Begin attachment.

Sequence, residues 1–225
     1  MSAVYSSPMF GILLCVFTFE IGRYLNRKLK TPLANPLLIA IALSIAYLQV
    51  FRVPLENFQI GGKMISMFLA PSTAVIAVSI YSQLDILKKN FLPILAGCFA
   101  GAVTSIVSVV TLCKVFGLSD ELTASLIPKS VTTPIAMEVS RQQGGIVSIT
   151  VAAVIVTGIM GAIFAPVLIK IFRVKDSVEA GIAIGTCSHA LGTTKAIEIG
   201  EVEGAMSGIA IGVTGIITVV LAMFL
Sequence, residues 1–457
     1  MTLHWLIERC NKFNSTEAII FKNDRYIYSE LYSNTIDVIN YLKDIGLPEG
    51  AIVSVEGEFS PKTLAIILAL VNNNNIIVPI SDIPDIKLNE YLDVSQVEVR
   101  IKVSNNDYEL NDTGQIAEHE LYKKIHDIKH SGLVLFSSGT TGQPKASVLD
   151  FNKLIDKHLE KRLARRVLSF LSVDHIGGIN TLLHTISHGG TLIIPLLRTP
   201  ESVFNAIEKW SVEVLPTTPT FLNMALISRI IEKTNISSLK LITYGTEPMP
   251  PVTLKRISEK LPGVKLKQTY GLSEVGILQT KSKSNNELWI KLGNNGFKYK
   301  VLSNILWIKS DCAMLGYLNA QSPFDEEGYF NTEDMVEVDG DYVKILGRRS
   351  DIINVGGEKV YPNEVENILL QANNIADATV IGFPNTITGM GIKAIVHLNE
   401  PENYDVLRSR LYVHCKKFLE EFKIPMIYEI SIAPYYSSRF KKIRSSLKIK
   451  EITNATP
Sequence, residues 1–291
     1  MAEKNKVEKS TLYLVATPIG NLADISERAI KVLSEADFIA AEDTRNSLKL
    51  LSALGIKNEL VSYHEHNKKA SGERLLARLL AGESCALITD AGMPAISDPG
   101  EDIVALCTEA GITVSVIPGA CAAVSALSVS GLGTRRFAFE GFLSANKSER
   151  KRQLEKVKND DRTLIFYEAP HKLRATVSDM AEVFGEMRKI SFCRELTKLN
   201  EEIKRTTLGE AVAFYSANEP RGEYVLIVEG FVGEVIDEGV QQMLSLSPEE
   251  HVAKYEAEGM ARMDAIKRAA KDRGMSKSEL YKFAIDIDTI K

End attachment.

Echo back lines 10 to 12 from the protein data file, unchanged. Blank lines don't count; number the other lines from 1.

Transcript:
   101  IKVSNNDYEL NDTGQIAEHE LYKKIHDIKH SGLVLFSSGT TGQPKASVLD
   151  FNKLIDKHLE KRLARRVLSF LSVDHIGGIN TLLHTISHGG TLIIPLLRTP
   201  ESVFNAIEKW SVEVLPTTPT FLNMALISRI IEKTNISSLK LITYGTEPMP